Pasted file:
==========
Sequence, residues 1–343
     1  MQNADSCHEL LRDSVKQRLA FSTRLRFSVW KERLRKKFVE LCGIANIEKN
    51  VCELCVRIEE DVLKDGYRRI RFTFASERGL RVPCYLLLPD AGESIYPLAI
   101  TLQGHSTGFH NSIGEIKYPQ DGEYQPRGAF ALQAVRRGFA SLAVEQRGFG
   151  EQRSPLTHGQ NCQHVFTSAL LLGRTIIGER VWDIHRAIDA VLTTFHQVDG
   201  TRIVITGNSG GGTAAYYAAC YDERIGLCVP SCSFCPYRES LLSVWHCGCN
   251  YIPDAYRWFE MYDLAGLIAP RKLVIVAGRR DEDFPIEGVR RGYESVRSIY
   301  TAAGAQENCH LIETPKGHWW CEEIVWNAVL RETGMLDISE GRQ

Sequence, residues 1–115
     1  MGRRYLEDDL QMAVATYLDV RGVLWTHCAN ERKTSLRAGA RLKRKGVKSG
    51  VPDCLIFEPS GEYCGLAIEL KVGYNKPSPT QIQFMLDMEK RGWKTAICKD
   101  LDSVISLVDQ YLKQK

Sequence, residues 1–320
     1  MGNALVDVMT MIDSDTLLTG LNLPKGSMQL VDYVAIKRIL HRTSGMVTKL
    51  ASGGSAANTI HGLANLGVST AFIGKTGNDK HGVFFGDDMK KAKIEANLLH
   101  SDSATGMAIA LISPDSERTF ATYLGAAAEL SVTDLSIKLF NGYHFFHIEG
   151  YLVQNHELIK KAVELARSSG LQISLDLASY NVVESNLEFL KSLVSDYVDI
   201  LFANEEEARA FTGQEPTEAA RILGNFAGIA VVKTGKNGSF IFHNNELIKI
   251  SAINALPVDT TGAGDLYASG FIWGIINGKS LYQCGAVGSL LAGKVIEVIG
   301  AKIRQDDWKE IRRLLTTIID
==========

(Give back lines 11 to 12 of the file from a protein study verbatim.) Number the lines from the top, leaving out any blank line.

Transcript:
    51  VPDCLIFEPS GEYCGLAIEL KVGYNKPSPT QIQFMLDMEK RGWKTAICKD
   101  LDSVISLVDQ YLKQK